The Nov. 6 editorial "Welcome, Chairman Smith" endorsed legislation introduced by the late Sen. John Chafee (R-R.I.) that would offer companies tradable "credits" to reduce greenhouse gas emissions.

But the value of these credits relies on the ratification of the Kyoto treaty and the development of an international emissions-trading mechanism, and the Senate is not going to ratify the Kyoto Protocol because it exempts developing nations and would seriously harm the U.S. economy.

Sens. Frank Murkowski (R-Alaska), Robert Byrd (D-W. Va.) and I have introduced legislation that instead approaches this issue in a market-based, technology-driven manner. Our Energy and Climate Policy Act has three main components:

It provides $2 billion over 10 years for research and development of technologies that avoid, reduce or remove greenhouse gas emissions from the atmosphere.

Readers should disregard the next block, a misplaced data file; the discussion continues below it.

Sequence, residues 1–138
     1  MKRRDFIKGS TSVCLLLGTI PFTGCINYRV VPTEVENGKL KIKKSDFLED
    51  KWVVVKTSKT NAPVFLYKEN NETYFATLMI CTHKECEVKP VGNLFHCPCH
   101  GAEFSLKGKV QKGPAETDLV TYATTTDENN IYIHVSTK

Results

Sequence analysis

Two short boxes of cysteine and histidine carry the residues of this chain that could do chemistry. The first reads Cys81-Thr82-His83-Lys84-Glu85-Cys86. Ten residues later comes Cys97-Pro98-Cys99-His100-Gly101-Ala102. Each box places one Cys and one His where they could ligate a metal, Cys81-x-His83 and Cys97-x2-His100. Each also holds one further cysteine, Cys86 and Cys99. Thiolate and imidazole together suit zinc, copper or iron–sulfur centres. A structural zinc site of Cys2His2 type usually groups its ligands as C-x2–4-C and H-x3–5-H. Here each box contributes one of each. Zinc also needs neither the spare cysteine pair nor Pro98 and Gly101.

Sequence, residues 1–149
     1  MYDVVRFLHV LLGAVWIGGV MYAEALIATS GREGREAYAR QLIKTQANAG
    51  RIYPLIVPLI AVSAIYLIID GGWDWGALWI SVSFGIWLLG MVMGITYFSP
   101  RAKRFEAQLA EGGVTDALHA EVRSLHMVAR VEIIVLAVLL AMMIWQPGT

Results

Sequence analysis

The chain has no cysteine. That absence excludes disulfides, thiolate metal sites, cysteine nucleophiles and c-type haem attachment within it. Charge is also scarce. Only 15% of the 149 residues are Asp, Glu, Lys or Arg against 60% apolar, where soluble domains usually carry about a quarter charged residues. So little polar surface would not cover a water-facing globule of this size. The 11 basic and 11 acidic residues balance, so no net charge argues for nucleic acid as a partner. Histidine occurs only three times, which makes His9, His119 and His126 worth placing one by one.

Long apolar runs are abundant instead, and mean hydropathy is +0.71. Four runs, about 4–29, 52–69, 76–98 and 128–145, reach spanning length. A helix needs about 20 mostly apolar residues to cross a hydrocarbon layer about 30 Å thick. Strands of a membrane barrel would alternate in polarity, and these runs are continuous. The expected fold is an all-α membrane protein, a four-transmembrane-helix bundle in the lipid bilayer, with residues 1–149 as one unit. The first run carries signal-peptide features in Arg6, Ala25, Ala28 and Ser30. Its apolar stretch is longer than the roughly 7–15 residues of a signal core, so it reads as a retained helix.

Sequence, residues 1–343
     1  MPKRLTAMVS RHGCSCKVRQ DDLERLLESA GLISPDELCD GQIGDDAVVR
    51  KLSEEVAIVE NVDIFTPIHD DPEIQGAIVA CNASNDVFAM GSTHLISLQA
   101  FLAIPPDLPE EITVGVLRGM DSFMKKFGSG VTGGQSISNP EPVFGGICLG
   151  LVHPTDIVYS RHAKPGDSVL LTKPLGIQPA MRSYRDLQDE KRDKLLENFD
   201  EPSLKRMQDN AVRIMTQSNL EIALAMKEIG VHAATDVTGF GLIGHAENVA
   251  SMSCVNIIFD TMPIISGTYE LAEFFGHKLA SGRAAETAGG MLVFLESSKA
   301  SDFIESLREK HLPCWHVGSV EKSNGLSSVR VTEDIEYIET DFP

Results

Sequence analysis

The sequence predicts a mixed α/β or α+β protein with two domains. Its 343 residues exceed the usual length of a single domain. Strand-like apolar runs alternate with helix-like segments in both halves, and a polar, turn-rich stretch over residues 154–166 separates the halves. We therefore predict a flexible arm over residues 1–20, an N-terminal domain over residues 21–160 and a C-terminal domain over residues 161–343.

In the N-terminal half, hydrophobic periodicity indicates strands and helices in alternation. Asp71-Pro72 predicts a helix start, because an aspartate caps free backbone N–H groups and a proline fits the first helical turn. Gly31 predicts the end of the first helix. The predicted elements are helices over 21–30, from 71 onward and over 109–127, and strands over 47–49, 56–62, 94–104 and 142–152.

It strengthens federal law recognizing voluntary emission-reduction efforts and expands it to small businesses and agricultural producers.

It ensures greater accountability for federal policy by creating an Office of Global Climate Change within the Department of Energy.

Sen. Larry Craig (R-Idaho) has offered two additional bills, which I cosponsored, to require the federal government to focus climate research on sound science, examine the economic effect of climate change alternatives and publish detailed reports on all federal climate change activities. These bills also would encourage export of U.S. clean-energy technology and provide tax and regulatory incentives for voluntary private-sector efforts to reduce greenhouse gas emissions.

The legislation my colleagues and I have introduced calls for further study. Sound science should dictate our actions.


U.S. Senator (R-Neb.)